Can we just reclaim the roads that are not used anymore?

A few years ago, when the Bangalore Metro began its work, several roads were either closed or their width was reduced due to the work. And some of those roads still remain closed or under repair. Somehow, the traffic continues to meander and find its way through other roads. In fact, traffic like water will always find its way; so the question which I ask is, ‘Can we permanently close some of these roads and put these spaces to alternate uses’?’

This occurred to me the other day while crossing Chinnaswamy Stadium towards Raj Bhavan when I saw a set of defunct signals. Only later did I realise that that in fact used to be where Cubbon Road intersected Queen’s Road. That road has now been closed for close to three years and vehicular traffic still flows relatively freely with the occasional traffic hiccup.

Two-wheelers travelling on the wide footpath, near Jawahar Lal Nehru Planetarium on near Rajbhavan Road. Pic: Shree D N

But that is not something new to people of this city or any Indian city for that matter. The point is that now that people, motorists specifically, have become used to not having that road (and I’m sure there are several other roads which the Metro or other such work has shut down for the moment), why not make this change permanent and use this opportunity to permanently shut down that road and think of converting that space into a public one? There are several options that can be explored—a boulevard just like the one on M G Road, a green patch, an extension of Cubbon Park or something else.

The concept of reclaiming roads and converting them into public spaces which non–motorists can also use is not something which is new, at least in the global sense. The oft-quoted example is that of South Korea where a river which was closed to create a flyover was later on rediscovered—when the flyover was demolished and the river reinterpreted as a public space which could be used by a larger number of citizens.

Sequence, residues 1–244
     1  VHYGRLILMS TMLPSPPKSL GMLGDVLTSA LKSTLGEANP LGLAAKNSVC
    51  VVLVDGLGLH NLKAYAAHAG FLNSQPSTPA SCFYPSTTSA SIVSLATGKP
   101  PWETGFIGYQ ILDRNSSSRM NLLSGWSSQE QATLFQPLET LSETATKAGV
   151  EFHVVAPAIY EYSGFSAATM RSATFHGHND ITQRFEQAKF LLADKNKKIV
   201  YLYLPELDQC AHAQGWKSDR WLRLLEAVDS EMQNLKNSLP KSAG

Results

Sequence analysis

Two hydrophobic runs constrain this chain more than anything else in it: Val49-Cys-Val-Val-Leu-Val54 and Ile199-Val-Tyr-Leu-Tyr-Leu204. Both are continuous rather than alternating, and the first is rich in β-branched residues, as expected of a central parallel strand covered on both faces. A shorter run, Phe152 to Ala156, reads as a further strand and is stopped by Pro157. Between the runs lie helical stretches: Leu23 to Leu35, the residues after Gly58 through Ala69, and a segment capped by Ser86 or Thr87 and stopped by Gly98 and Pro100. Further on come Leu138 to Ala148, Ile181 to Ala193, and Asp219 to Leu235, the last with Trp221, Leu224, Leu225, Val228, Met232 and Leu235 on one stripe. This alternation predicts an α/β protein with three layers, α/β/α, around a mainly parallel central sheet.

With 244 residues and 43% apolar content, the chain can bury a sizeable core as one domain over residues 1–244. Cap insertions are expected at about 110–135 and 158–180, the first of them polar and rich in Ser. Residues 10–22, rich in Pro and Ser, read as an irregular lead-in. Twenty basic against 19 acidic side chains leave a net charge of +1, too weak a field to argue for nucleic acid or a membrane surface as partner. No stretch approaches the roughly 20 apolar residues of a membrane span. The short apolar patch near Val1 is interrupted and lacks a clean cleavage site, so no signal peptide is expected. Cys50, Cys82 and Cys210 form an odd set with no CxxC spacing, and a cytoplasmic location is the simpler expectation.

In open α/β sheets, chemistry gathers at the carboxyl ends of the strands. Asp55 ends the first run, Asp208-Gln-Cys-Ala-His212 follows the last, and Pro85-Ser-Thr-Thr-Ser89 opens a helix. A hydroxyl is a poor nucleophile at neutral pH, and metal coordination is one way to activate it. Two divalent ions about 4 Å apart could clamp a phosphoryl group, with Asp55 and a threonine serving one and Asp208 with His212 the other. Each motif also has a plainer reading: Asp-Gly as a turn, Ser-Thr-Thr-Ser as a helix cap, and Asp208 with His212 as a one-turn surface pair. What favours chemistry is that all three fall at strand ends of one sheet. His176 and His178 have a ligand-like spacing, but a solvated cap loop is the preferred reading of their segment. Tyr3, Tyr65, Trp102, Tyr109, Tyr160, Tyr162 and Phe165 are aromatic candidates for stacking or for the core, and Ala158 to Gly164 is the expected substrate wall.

In India, that concept is yet to catch on—both from the public imagination and from a policy point of view. There are some instances where certain Indian cities have taken the lead in this matter. The instance of Delhi, Gurgaon and now Ahmedabad in promoting something called ‘Rahagiri’—a concept where a road is closed off (hopefully with official sanction) for a part of a day during the weekend, and all kinds of fun activities happen—cycling, children with roller-blades etc. Closer to home, in Bengaluru, different areas organise cycling days once a month. Maybe we require more of this and in a institutionalised manner which will make this permanent.

Reclaiming streets with TenderSure

The other project in the city which is another example of re-appropriating roads for pedestrians is the TENDERSURE road standards. My own view on the controversy is that the hoopla surrounding the TENDERSURE road standards is nothing more than an institutionalised attempt to re-appropriate road space for the non-motorists, something which has been taken away from them over the years.

Here, I must say that though these standards are welcome, I certainly wish that the process by which these standards came into being and were implemented had more clarity. It would have been beneficial if a certain process of public consultations with residents of that area, along with users of those roads had been solicited. However in a country where ‘jiski laathi uski bhains’ is the norm than the exception, it appears that it would have been difficult to follow that due process and expect just results.

However, if something like TenderSure is to succeed, there are a couple of things which desperately need to happen.

1) The bulk of non-motorists/pedestrians, residents, street-vendors of those roads need to come together and form some kind of pressure group to counter the noise being raised by motorists through newspapers, social media etc. A critical mass of non-motorists needs to come together quickly and effectively.

2) There is a need to provide alternatives / incentives, in the form of a robust public transport system which might encourage motorists to shift, round the clock policing to ensure that motorists do not use the footpaths and so on. These two things must happen in tandem if we have any hope of making sure that these re-appropriated spaces stay in the public domain.

The thing about motorists is that they are like a bottomless pit, whose demands just keep increasing. Increasing road space for motorists is certainly not going to solve the problem. In transport planning, there is a concept called ‘induced demand’, which means that increasing road width and size will only serve as an incentive to bring more vehicles on the roads. As Bengaluru burgeons, it will become increasingly important to actively think about spatial equity. Re-appropriating roads to make them more non-motorised friendly is one way of looking at that.

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